Other distinctions lend more variation and subtlety to the definition of a CBD. In many cities, the CBD is distinct from the cultural or historic core. In some cities these other kind of urban cores overlap partially or completely with the CBD. Other cities have more than one CDB. Regions will often include more than one CBD, and in some regions, the CBD will cross multiple jurisdictions. The technicalities of these distinctions are why central business districts are generally considered distinct from the broader term “downtown,” which might include more historically residential neighborhoods or CBD-adjacent historic and cultural centers of the city.
The central business district, referred to frequently by its abbreviation, CBD, is a key term in planning because of its importance to so many intersecting issues of the city—the success of the local and regional economy, the movement of goods and people, the life and culture of cities, and more. CBDs will vary greatly between cities, with the transit oriented bustle of New York and San Francisco at one extreme, the more auto-oriented sprawl of Jacksonville and Riverside at the other, and many variations in between. The unique characteristics of different central business districts are influenced by development history, economic history, local and national politics, and culture, among other factors.
A central business district is exactly what it sounds like—the area of densely concentrated commercial activity that forms a core of economic and population density in a city or region. In some cities, the central business district will also be called the financial district, but that’s usually true in cities where the financial industry has a large footprint in the downtown office market. Central business districts usually include numerous kinds of business and commercial ventures—all of which are likely paying a premium to set up shop at the center of the economic action.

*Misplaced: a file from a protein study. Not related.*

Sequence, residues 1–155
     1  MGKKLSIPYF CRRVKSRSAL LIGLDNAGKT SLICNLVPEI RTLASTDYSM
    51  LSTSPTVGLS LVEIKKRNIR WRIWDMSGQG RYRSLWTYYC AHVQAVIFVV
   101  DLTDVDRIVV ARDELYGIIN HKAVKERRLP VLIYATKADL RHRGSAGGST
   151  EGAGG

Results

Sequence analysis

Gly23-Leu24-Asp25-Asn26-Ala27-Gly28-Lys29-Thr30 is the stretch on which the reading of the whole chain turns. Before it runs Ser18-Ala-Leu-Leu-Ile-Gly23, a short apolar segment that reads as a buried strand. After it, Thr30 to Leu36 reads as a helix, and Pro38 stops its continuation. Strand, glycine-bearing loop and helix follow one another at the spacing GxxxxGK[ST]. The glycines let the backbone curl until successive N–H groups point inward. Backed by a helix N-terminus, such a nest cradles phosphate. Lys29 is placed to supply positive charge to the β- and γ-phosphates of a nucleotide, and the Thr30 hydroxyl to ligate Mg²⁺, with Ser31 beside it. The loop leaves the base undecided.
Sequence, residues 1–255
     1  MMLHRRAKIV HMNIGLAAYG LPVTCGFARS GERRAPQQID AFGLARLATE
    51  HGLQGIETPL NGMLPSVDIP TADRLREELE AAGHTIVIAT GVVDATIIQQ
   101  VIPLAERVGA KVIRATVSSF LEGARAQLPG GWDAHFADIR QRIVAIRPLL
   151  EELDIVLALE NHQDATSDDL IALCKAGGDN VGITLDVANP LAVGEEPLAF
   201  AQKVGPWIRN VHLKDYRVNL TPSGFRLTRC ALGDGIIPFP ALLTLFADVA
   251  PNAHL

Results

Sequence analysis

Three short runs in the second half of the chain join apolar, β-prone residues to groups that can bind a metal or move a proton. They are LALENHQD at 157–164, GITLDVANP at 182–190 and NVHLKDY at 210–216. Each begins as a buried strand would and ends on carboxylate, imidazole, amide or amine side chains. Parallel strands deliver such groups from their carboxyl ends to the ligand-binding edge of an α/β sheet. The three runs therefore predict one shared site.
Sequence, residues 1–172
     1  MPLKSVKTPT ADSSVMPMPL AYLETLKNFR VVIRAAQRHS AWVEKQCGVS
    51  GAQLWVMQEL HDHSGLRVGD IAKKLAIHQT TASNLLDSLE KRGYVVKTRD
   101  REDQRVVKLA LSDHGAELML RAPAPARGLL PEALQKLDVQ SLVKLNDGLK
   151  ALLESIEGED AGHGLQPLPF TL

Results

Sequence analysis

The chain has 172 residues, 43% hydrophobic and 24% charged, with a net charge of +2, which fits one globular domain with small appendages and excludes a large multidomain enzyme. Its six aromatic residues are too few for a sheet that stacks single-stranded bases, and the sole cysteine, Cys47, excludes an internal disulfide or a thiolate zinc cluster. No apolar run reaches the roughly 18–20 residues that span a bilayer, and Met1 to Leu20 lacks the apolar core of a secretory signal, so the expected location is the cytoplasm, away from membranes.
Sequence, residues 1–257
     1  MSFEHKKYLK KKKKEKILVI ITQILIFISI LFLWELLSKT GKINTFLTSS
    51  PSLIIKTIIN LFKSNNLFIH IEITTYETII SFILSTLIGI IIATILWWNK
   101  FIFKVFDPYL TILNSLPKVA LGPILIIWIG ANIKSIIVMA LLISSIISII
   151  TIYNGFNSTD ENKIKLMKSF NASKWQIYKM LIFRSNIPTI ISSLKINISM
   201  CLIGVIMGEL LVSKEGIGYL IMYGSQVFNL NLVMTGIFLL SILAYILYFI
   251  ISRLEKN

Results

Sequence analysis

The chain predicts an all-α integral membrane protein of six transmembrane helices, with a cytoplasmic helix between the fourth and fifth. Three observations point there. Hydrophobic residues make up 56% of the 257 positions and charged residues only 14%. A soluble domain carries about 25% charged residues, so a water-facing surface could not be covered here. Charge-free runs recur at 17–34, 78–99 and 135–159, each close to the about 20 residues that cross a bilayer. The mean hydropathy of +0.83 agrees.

What Is a Central Business District (CBD)?
Paris (pictured here) and Mexico City are two global cities where the historic and cultural center of the city has been preserved and a central business district has grown in a different part of the city. | VLADJ55 / Shutterstock.
For the sake of data collection and official definition, the U.S. Census Bureau publishes American Community Survey data that can be used to compare and contrast CBDs around the country. Although the U.S. Census Bureau ended its official program to define CBDs by census tract in the early 1980s, analysts at think tanks like the Brookings Institution have since created their own methodologies for defining CBDs. As evidenced by a study published by the U.S. Department of Housing and Urban Development in the journal Cityscape in 2019 , the question of how to define CBDs for the purpose of statistical analysis is the source of ongoing debate.
A branding identity around the local CBD is a common economic development tool—an effort to attract businesses and residents to the area and also provide a steady economic base for the rest of the city and region. Beyond branding, CBDs are frequently associated with an extra layer of cultural and political prominence, in addition to economic clout, in some, but not all, cities. It’s no coincidence that in many cities (but again, not all), the city’s skyline is most recognizable as a symbol of the city because of the buildings located in the CBD.
A central business district (CBD) is a geographic area sometimes referred to as downtown, but with key distinctions critical to an understanding of city and regional planning.
Finally, and critically, central business districts are neighborhoods—a specific and significant variety of neighborhood, but a neighborhood nonetheless.